In Southern California, the polyphagous shot hole borer could kill as many as 27 million trees in Los Angeles, Orange, Riverside and San Bernardino counties, including parts of the desert, reported Louis Shagun in the Los Angeles Times. Mark Hoddle, UC Cooperative Extension biocontrol specialist, said that the tree loss is starting to cascade across the urban landscape. “Without shade trees, water temperatures will rise and algae will bloom in riparian areas, for instance,” Hoddle said. “As a result, fish, frog and native insect populations will diminish, along with the pleasure of hiking, because there'll be nothing to look at but dead boughs of trees.”
In Lake County, UC Cooperative Extension director Gregory Giusti gathered with 400 members of the community to replant trees in a park that was left treeless by the devastating Valley Fire of 2015, reported Elizabeth Larson in Lake County News. While a lot of people lost their houses, “It was the trees that made it their home. People wanted to live in the forest. They wanted to live among the trees. So this is a way to rebuild their home, to get back what was lost,” Giusti said.
For the story, Evich spoke to Glenda Humiston, vice president of UC Agriculture and Natural Resources (UC ANR), the research and outreach arm of the University of California. UC ANR extends science-based agricultural production and nutrition information to California farmers and communities. Humiston said California agricultural industry leaders have made it clear that they don't want traditional subsidies, like price supports.
"They want help with the infrastructure to do their jobs better," she said, including more funding for research labs and data collection that can help industry solve problems.
It isn't clear whether subsidies would reduce the cost of fruits and vegetables, nor does the potential of lower-cost healthy food ensure that people will eat it, the article said.
Many consumers also lack the time or the skills to prepare and cook their perishables. And some don't care for the flavor of healthful produce like kale, kohlrabi and rapini, to name a few.
The top fruits and vegetables consumed by Americans are potatoes (french fries) and tomatoes (primarily driven by ketchup). Only 14 percent of Americans consume 1.5 to 2 fruits and veggies per day, according to State of the Plate, a 2015 study on Americas' consumption of fruit and vegetables. (See below.) The USDA's dietary guidelines recommend 9 to 13 servings of fruit and veggies per day.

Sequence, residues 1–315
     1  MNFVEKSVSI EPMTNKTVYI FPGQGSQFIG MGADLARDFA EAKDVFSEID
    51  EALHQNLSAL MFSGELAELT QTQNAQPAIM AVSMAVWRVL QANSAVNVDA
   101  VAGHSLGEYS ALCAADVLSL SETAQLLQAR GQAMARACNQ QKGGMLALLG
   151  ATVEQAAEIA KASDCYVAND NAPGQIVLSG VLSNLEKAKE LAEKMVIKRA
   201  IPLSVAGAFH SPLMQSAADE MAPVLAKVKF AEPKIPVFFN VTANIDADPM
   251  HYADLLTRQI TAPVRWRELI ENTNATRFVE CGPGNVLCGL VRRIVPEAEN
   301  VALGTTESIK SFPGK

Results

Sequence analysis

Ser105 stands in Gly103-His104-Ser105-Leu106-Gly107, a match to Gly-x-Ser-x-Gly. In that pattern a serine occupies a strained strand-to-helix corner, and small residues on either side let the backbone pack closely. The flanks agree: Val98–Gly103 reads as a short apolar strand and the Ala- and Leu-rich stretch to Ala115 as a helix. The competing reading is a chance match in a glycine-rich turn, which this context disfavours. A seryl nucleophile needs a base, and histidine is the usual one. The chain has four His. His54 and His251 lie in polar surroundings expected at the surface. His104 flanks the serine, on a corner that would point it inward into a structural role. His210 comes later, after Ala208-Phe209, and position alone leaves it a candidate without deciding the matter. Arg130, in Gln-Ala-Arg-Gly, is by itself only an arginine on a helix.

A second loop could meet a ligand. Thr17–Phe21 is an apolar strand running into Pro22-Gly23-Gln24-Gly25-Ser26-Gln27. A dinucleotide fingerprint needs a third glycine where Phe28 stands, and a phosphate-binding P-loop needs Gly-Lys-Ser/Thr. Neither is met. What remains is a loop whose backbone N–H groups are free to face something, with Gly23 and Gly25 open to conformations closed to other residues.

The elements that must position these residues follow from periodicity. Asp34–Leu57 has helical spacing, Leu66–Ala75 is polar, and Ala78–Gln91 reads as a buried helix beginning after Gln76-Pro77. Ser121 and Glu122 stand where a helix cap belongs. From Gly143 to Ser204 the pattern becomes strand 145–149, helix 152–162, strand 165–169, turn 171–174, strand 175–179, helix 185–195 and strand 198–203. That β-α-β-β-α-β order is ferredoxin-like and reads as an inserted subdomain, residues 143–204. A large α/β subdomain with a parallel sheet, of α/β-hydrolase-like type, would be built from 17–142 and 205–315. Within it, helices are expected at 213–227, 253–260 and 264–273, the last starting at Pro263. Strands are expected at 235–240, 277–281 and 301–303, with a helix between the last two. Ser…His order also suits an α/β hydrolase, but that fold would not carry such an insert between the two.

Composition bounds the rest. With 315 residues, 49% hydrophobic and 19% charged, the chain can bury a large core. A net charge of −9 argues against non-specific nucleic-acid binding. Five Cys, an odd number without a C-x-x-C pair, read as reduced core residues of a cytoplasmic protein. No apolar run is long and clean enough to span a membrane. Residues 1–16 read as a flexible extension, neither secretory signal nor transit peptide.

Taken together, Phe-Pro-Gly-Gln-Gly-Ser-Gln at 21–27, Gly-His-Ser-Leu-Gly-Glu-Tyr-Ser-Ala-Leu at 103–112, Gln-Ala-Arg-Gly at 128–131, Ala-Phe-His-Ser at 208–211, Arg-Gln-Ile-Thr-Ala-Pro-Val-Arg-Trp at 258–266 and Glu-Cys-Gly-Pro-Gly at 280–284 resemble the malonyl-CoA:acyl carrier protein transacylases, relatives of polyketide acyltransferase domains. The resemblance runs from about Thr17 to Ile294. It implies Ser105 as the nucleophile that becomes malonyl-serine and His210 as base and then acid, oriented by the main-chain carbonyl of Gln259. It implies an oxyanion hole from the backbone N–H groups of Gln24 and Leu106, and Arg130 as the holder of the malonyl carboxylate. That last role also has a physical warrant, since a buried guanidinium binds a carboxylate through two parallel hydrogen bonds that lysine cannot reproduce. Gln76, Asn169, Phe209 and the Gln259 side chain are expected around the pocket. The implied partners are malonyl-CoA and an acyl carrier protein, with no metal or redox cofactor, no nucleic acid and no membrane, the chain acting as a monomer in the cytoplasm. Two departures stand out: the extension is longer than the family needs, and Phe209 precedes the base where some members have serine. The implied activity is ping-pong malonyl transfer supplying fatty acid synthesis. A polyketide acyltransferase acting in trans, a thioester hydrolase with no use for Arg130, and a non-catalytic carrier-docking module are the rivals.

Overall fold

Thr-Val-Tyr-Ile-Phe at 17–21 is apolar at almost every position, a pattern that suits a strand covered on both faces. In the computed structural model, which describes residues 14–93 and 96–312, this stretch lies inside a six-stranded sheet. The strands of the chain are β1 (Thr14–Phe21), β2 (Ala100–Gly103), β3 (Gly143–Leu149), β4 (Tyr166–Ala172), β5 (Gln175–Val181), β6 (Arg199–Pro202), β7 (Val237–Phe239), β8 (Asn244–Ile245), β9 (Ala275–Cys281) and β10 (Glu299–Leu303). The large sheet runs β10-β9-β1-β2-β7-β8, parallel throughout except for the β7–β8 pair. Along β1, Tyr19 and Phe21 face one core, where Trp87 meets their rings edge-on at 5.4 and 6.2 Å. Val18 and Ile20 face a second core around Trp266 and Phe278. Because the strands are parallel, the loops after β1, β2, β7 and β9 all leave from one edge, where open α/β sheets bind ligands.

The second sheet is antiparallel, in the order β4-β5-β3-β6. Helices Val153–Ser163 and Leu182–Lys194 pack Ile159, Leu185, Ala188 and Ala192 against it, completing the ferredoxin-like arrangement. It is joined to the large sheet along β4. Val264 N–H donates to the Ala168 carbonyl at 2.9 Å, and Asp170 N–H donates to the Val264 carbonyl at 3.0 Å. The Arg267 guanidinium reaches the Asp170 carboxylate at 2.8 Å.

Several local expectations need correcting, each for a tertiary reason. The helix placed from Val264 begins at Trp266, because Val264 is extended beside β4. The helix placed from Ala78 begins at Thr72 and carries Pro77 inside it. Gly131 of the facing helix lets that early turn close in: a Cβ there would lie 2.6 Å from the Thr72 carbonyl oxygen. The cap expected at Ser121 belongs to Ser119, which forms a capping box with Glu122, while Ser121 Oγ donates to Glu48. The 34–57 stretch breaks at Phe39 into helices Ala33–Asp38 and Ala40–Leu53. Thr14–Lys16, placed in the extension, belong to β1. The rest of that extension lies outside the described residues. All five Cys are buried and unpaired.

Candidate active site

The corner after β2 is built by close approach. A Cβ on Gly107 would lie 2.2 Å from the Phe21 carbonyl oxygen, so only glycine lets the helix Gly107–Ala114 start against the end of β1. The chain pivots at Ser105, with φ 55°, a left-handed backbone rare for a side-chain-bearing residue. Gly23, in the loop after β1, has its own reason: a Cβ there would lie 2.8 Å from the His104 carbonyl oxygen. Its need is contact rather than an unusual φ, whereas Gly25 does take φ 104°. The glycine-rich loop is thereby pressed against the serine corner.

The popular herbicide paraquat works well and is inexpensive, but emerging research shows a correlation of paraquat exposure and Parkinson's disease, reported Kerry Klein on Valley Public Radio.
Klein met with UC Cooperative Extension weed advisor Kurt Hembree at an almond orchard near Selma that was clear of weeds. Growers kill weeds because weeds kill crops, Hembree said.
"Direct competition for water and nutrients. Whatever the tree likes, the weeds like," he said.
Hembree explained how the paraquat works.
"Paraquat's a contact-type herbicide," he said. "In other words, it's a material that, if you sprayed it on a plant, it'll disrupt the plant's cells. And basically in five or six days, whatever it touches, it spots up and it causes necrosis and death on the tissue."
Paraquat is toxic, so it requires careful handling to protect the safety of applicators.
“Something like paraquat, you're going to wear rubber boots, you're going to wear goggles while you're spraying,” Hembree said. “You don't want to get this stuff on your skin or on your mouth or anywhere.”
The KVPR story said paraquat is among the top 10 most common herbicides in California, and the San Joaquin Valley gets more than three-quarters of the state total. Caroline Tanner, a neurologist at UC San Francisco, was also interviewed for the story.
“People who mixed or applied this chemical had more than double the risk of developing Parkinson's disease compared to people really very similar as far as where they lived, even what they did for a living, age and gender,” she said.
However, people who were careful with personal protective equipment didn't have a greater risk of Parkinson's disease, Tanner said.